Jean-Michel Basquiat, the quintessential ’80s neo-expressionist painter
whose retrospective opens at MOCA Grand Avenue this weekend, was the closest thing
to a bona fide dyed-in-the-wool art star to appear since his friend and collaborator
Andy Warhol turned celebrity into a medium unto itself and rendered the whole
concept of fame for fame’s sake an automatic cliché. All Basquiat had to do was
die a rock-star death, OD’ing on heroin in 1988 at the age of 27. Since then —
despite wild fluctuations in the art market as well as his critical reputation
— Basquiat’s star has continued to rise, with auction prices in the gazillions,
street cred out the wazoo, and a star-studded and surprisingly well-received biopic
that incidentally transformed Julian Schnabel from art-world pariah to indie auteur.
It didn’t hurt that the artist left behind a massive body of work in the hands
of ’80s art-boom collectors eager to protect their investment, but any finger-pointing
cries of exploitation have to take into account Basquiat’s relentless self-commodification.
Luck and timing had a lot to do with it. By the late ’70s, the New York art world
had grown tired of graphite grids of numbers (not to mention such zany notions
as feminism, rent control and artists’ health-insurance collectives) and was actively
working to reinstate a star system based on decadent flamboyance and rebelliously
accessible picture-making. At the same time, the pale white skin and ivory-tower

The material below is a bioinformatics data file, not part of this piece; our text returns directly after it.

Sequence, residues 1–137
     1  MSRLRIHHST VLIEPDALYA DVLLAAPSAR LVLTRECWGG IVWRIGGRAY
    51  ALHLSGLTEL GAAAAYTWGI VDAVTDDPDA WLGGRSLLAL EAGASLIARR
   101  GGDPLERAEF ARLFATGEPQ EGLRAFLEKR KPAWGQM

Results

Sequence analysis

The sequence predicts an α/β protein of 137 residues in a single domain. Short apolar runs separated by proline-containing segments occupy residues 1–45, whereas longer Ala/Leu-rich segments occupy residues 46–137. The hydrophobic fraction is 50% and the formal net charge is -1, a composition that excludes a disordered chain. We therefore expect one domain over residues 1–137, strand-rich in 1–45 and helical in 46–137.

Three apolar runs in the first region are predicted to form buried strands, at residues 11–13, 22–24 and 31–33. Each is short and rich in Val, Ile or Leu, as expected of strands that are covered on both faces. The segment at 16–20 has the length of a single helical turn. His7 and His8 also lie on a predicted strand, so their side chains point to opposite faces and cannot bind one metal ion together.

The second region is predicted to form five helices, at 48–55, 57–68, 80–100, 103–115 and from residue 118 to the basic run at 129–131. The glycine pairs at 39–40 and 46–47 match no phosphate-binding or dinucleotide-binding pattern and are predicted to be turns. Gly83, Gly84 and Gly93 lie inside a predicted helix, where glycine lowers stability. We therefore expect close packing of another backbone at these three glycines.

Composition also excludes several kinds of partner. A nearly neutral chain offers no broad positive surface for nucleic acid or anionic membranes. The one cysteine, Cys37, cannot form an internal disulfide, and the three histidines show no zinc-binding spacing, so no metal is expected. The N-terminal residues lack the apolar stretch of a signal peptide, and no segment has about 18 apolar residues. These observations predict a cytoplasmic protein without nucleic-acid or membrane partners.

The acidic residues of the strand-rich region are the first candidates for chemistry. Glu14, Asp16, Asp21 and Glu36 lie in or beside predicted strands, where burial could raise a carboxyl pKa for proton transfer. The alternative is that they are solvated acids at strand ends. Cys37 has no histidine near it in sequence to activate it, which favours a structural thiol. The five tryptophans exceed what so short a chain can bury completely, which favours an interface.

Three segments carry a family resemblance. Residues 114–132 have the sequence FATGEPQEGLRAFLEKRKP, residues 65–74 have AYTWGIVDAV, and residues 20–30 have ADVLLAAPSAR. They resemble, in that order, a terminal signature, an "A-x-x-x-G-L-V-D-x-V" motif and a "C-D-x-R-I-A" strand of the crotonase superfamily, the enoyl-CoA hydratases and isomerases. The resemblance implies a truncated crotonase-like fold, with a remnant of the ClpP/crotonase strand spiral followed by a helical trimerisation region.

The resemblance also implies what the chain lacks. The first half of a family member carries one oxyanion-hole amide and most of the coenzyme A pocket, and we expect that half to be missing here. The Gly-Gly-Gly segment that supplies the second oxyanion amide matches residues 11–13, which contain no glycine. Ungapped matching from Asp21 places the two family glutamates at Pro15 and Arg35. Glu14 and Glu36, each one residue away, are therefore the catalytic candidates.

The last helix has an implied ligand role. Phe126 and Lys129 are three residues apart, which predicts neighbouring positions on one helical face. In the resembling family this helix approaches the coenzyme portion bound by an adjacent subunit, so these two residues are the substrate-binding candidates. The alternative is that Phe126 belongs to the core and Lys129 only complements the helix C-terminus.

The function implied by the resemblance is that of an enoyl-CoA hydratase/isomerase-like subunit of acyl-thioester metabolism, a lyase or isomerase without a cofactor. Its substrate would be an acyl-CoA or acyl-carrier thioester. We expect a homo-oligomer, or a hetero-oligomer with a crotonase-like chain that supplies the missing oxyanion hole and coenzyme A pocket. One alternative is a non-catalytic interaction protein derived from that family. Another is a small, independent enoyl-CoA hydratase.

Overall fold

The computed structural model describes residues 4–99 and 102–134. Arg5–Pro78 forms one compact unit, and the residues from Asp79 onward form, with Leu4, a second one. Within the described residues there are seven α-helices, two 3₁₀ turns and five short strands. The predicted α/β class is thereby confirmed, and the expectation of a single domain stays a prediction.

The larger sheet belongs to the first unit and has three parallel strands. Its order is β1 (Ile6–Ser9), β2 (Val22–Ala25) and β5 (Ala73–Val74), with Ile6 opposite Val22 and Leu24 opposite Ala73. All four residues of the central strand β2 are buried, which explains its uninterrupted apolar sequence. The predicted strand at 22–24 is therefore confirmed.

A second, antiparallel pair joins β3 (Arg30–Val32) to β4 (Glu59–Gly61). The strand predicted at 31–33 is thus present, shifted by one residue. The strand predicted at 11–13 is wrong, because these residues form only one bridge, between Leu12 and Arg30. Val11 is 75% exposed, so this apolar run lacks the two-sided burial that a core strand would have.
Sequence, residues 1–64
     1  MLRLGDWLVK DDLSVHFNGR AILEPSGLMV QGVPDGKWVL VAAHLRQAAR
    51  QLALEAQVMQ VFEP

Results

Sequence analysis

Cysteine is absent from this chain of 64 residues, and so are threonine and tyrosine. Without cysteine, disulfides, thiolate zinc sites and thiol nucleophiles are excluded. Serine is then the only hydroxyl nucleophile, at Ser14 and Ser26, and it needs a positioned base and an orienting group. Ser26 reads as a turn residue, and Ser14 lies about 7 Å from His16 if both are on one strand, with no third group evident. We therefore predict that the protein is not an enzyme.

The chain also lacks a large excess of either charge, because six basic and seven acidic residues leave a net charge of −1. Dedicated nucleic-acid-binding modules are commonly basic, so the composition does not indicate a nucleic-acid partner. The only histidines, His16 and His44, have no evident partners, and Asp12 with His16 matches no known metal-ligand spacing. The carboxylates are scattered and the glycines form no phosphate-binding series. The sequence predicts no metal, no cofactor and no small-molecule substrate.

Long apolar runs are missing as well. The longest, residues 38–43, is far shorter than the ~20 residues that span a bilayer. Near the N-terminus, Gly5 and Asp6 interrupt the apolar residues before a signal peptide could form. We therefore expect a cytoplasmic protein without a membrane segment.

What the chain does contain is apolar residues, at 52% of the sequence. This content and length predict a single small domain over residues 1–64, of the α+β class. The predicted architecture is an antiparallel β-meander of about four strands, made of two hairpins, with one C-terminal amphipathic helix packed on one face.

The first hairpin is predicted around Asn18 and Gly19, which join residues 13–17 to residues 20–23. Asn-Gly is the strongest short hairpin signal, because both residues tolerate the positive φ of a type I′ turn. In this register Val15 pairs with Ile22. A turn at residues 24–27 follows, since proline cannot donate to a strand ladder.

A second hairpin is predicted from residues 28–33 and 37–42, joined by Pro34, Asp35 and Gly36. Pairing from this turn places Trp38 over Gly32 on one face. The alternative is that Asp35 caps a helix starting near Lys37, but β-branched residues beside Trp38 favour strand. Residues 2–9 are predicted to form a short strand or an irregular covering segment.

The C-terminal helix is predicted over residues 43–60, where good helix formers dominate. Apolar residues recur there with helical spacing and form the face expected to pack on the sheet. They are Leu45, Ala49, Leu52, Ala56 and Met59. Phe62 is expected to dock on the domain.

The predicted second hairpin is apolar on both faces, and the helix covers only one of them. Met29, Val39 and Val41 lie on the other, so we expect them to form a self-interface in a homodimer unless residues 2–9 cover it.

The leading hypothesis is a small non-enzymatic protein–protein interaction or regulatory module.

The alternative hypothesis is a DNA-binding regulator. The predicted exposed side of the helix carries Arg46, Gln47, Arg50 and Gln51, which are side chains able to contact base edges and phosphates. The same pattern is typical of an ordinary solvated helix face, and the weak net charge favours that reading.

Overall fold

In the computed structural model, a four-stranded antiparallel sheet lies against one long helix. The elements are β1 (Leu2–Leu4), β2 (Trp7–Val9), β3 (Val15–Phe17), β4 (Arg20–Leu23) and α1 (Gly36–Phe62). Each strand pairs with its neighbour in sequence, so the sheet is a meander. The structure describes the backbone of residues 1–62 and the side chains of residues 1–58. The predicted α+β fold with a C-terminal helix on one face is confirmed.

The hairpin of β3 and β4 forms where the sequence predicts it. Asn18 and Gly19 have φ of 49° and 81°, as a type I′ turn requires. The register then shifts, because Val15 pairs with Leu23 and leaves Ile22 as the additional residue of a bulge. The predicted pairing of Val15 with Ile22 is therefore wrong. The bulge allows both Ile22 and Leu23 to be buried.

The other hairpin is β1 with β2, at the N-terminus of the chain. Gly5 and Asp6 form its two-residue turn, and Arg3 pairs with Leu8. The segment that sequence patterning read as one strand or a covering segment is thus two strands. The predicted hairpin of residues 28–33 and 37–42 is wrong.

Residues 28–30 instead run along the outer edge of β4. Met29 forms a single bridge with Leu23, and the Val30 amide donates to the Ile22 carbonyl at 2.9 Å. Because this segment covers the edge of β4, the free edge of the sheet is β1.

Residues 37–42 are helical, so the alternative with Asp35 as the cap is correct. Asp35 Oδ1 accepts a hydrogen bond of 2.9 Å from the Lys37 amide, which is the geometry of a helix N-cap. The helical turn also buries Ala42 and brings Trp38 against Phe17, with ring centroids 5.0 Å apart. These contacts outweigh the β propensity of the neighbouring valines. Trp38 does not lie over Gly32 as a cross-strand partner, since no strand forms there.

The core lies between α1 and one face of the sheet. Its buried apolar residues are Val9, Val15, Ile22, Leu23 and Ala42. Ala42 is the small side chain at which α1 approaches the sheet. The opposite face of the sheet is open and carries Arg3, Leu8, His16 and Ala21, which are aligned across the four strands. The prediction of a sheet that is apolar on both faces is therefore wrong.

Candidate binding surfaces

isolation of the blue-chip population became increasingly glaring — enter Mr.
Basquiat, a token waiting to be validated. Young, black and gifted, an exotic
Creole blend of Haitian and Puerto Rican ancestry, Basquiat first gained notoriety
as half of the opaquely literate graffiti crew known as SAMO, deploying messages
like “SAMO as an alternative 2 playing art with the ‘radical chic’ sect on Daddy’s
At times, he was said to be living in a cardboard box in Tompkins Square Park,
or indentured in his white female dealer’s cellar. At the same time, he could
be seen deejaying in trendy East Village clubs, running with Warhol’s stripped-down
post-gutter Factory crowd, playing in a no-wave band with Vincent Gallo, consuming
superhuman quantities of pharmaceuticals, and dating a large chunk of Manhattan
including pre-fame Madonna — though if everyone who claims to have slept with
Basquiat actually had, there wouldn’t have been much time left for actual painting.
Which clearly there was. All of Basquiat’s careering would have amounted to so much social frittering if he hadn’t produced something of substance, and in fact part of his legend consists of his enormous productivity over the brief span of his barely eight-year-long career. What hasn’t been clear is the significance of the work apart from the salacious tabloid gossip and the smoke and mirrors of market-driven canonization. Major critics like Robert Hughes and Hilton Kramer have dismissed Basquiat as an outright fraud, while others have gushed romantical over the artist’s heroic journey from the dark side and back. More often, writers have straddled the fence or switched their story with the prevailing wisdom. Thankfully, Angelenos who didn’t see the show at the Brooklyn Museum of Art, where I did, finally have a chance to form their own opinions with the generous sampling — more than 100 paintings and drawings — on display at MOCA beginning Sunday.
One of the first things to strike the viewer is the awkward fit of the “graffiti
art” label. Although his SAMO epigrams were — technically speaking — graffiti,
they were almost entirely textual and rendered in completely legible block lettering,